Whereas, Current population growth in Utah will prescribe a Fourth and possibly a Fifth Congressional seat within the next 5 years;

Whereas, Article I, Section 2 of the Constitution of the United States reads: “Representation…shall be apportioned among the several States which may be included within this Union, according to their respective numbers…within every subsequent term of ten years, in such manner as they shall by law direct”;

Whereas, The Republican Party supports strict construction of the Constitution and believes giving representation to Washington DC is unconstitutional;

Whereas, In 1978, an amendment to the U.S. Constitution that would have given full congressional voting representation to residents of the District of Columbia passed through both the U.S. Senate and the U.S. House of Representatives;

Whereas, In 1985, when the seven year limit on ratification of the amendment set within the Congressional resolution adopting it expired, the amendment had only passed in 16 of 38 states necessary;

Whereas, This latest fiasco is clearly an attempt by Democrats to get via legislation what they could not get via a Constitutional amendment;

Whereas, This sets the precedent for Washington DC to get Senate seats and Puerto Rico, Guan, American Samoa, and citizens living abroad to get voting seats;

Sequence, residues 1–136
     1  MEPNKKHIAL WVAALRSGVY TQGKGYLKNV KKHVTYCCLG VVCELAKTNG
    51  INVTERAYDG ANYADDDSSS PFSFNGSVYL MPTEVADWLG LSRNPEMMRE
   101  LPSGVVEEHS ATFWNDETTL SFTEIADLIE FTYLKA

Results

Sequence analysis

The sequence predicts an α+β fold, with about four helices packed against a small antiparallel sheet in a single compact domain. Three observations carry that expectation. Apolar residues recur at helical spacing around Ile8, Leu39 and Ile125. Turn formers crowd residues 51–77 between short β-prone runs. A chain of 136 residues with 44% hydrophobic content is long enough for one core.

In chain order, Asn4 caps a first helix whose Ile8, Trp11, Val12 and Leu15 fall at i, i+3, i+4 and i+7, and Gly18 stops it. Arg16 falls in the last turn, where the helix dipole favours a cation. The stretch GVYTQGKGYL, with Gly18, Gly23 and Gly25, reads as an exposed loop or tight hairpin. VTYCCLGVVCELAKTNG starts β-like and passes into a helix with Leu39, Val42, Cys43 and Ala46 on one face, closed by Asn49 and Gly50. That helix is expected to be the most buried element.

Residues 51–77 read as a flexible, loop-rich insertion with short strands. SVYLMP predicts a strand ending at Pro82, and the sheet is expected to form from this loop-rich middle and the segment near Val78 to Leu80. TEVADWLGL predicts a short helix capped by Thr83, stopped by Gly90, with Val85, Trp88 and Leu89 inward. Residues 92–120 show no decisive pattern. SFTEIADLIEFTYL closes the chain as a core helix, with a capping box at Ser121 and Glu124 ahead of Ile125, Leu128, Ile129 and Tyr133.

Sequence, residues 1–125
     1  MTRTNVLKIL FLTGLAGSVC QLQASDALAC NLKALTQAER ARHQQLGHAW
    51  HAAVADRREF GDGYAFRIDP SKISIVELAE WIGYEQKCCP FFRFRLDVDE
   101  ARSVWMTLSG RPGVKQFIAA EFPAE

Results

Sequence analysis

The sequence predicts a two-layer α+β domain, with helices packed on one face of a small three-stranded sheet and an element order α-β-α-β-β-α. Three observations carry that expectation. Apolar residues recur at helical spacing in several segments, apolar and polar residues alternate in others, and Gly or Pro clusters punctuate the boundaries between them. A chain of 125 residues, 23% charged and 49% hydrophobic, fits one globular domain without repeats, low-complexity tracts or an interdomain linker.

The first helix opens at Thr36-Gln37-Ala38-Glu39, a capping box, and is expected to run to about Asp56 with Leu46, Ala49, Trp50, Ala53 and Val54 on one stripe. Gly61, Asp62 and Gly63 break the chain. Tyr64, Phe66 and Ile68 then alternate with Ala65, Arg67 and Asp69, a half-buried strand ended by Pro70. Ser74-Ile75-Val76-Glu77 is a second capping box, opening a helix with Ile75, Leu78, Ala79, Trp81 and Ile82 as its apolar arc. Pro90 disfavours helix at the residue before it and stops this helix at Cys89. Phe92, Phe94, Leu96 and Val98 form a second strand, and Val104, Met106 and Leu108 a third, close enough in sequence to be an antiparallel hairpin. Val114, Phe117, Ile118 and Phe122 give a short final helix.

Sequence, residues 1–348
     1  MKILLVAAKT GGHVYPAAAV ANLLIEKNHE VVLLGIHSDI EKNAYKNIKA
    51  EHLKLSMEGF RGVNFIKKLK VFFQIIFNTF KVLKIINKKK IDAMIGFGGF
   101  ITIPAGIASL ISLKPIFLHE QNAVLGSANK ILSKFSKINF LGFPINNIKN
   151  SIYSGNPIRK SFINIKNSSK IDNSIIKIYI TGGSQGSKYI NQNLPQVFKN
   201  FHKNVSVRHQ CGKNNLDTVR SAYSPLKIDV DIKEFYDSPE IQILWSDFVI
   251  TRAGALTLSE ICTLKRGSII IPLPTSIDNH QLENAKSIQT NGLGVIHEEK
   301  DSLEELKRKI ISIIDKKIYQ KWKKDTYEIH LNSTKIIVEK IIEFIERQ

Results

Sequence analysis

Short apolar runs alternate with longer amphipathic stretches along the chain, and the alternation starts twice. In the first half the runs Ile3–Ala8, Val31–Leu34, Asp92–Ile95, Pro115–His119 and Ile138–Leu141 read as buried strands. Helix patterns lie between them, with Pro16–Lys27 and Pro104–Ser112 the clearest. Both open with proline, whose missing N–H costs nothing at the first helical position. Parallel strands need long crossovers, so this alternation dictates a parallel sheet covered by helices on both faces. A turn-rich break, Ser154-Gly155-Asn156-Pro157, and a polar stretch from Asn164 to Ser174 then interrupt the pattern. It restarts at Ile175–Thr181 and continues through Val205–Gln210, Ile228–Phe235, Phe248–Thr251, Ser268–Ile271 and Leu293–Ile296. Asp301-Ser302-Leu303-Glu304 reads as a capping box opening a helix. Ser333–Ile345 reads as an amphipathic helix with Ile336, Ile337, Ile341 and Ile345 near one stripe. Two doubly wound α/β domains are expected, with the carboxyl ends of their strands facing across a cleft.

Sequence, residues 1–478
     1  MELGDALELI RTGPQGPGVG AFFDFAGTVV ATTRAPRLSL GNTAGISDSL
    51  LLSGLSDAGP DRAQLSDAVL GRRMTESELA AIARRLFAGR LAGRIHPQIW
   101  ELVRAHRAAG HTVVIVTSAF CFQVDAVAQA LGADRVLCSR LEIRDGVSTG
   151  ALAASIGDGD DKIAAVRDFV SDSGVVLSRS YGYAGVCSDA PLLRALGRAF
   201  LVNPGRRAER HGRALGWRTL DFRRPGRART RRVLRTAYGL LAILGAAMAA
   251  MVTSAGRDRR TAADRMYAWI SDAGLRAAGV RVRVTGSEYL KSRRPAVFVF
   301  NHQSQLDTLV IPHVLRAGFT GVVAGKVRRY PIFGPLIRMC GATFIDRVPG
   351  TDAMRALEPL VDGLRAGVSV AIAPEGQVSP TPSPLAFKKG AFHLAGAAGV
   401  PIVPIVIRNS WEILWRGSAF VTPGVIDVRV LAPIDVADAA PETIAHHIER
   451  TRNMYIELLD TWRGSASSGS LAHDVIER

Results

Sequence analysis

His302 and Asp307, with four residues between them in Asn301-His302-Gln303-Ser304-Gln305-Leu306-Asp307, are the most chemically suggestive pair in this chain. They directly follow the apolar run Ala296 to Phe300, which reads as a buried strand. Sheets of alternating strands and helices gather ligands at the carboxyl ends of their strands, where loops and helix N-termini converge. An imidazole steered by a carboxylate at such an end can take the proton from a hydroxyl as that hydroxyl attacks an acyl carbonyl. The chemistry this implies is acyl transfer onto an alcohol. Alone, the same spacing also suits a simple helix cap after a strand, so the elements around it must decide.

Whereas, The GOP would be giving up decades of population shift in our favor;

Whereas, There is no reason to give the Democrats a safe seat in Washington DC when we get our safe GOP seats for free if we just wait a bit; therefore be it:

Resolved, The Salt Lake County Republican Party does not support current efforts to immediately secure a Fourth Congressional Seat for the State of Utah;

Resolved, That the Salt Lake County Republican Party admonishes Governor Jon M. Huntsman, Jr. and the state legislature to be prudent and patient by waiting until after the 2010 census to change congressional boundaries;

Resolved, That the Salt Lake County Republican Party admonishes Senator Orrin Hatch and Senator Robert Bennett, Congressman Chris Cannon and Congressman Rob Bishop to be prudent and patient by waiting until after the 2010 census to secure a Fourth and possible Fifth seat for Utah, and,

Resolved, That a copy of this resolution be mailed to each member of our Republican state and federal delegation.

Respectfully submitted November 17, 2006 by Jeremy Roberts, Legislative District 41 Chair, and Amy Roberts, former County Party Secretary